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How to remove water spots from car windows?

  • Cars Explained
  • Natasha Young
  • 7 minutes

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You probably came across this article because you’ve noticed some hard water spots on your vehicle’s windows. You are probably wondering where those came from, how to remove water spots from car windows.  Or perhaps both. Well, the good news is that you are exactly where you are supposed to be. 

No matter how glossy the car’s exterior looks, if a car arrives with dirty windows that are completely covered in dust and dirt, people will turn their heads away. Because driving a dirty car is a massive turn-off.  But most importantly, you must be able to see out of your windows in order to drive safely. Although water spots appear to be relatively harmless, they can eventually accumulate and fog up your entire window or, worse, make your window structurally unstable and vulnerable to breaking. Nobody wants that, right?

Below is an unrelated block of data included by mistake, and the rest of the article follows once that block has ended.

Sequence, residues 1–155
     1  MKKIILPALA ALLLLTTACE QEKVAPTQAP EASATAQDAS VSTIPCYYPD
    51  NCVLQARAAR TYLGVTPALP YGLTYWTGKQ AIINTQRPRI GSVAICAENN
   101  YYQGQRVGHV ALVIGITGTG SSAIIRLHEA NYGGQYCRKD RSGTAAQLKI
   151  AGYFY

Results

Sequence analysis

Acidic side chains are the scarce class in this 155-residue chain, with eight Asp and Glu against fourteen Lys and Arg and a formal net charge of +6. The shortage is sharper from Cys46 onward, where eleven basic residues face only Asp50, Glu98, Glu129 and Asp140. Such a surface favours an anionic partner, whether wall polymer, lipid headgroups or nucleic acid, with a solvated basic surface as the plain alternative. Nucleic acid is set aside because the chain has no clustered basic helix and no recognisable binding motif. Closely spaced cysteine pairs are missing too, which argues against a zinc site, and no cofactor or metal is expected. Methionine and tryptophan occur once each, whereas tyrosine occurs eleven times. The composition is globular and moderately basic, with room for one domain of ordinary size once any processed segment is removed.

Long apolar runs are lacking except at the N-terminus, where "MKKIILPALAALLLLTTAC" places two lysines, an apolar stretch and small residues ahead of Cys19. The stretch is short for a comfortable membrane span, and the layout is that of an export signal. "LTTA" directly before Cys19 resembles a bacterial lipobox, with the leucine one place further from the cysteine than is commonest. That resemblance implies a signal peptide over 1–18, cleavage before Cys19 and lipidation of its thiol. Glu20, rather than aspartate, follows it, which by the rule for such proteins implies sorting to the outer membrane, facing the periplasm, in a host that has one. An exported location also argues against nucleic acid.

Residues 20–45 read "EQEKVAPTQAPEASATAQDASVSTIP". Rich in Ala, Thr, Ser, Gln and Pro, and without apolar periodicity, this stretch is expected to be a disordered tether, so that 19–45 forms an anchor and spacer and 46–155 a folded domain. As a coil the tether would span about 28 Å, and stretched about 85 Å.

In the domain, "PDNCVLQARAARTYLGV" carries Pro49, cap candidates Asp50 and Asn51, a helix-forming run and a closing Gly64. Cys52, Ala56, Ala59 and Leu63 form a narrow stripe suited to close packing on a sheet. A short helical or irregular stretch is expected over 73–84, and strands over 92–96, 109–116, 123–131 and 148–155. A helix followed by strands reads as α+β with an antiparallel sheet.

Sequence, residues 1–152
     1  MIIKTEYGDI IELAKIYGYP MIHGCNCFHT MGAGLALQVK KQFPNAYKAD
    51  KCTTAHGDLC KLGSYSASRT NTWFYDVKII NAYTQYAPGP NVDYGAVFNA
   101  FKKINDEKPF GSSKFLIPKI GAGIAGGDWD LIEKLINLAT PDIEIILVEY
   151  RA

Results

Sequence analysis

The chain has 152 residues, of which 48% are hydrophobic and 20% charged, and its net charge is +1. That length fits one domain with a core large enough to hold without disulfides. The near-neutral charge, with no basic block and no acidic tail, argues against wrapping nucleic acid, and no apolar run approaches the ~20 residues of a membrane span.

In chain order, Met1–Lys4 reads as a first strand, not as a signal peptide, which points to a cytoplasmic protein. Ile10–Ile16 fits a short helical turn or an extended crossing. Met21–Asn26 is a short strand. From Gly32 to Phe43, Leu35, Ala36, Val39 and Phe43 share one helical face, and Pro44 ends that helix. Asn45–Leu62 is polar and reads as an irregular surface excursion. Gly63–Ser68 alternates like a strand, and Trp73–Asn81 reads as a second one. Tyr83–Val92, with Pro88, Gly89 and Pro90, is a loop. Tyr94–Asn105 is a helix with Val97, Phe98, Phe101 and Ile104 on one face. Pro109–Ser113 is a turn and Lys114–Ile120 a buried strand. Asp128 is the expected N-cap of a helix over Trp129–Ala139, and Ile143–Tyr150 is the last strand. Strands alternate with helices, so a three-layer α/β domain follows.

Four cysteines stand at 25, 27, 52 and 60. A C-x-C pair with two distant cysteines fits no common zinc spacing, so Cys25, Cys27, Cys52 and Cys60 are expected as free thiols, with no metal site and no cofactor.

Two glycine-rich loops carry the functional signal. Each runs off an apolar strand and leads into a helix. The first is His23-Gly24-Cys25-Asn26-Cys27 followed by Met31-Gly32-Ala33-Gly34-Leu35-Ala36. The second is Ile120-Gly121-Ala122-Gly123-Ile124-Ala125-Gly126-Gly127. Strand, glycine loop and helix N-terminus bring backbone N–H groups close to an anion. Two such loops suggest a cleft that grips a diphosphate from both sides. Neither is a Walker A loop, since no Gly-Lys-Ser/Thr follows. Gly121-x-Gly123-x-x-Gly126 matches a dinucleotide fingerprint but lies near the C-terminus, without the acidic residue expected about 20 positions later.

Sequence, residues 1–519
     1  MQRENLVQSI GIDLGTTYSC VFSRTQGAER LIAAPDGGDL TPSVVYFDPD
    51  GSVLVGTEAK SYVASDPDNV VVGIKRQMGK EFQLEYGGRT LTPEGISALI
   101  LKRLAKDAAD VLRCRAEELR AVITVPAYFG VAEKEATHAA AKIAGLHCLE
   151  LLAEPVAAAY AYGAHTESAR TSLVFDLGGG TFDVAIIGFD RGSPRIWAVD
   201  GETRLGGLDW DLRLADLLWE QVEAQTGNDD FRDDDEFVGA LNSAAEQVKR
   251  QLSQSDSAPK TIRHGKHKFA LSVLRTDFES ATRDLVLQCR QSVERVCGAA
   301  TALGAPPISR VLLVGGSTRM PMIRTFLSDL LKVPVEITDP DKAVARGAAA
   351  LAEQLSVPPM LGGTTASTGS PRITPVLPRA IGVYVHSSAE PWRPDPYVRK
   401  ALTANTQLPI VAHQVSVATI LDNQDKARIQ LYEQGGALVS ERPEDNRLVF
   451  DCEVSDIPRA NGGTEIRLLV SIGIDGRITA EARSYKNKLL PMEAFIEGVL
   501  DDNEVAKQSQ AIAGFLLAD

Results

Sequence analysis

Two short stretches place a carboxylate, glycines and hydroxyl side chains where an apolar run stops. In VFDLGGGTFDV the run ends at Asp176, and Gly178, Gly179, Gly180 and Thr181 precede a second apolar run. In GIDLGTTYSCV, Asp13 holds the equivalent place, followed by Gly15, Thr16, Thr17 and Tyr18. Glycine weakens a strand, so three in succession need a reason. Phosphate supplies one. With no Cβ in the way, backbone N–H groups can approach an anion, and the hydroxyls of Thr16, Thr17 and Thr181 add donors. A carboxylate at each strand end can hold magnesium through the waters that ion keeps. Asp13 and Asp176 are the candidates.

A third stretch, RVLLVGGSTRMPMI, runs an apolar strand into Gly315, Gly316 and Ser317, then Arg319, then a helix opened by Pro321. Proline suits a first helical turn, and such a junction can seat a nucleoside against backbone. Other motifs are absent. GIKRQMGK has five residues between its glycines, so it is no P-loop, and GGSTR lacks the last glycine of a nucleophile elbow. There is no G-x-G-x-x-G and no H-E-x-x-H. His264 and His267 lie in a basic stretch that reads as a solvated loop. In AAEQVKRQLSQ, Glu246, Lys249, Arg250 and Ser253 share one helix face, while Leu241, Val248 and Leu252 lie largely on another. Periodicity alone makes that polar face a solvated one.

As a result, knowing how to remove water spots from car windows is critical. But rather than taking your car to an expensive full detailing service, let’s look at some ways you can remove those water spots by yourself at home. Let’s get right into it! 

Common types of stains or water spots in car windows 

Normal water spots or stain 

Typical water spots form when hard water leaves a mineral residue on your vehicle’s windows. Typically, these minerals are magnesium, calcium, or something similar.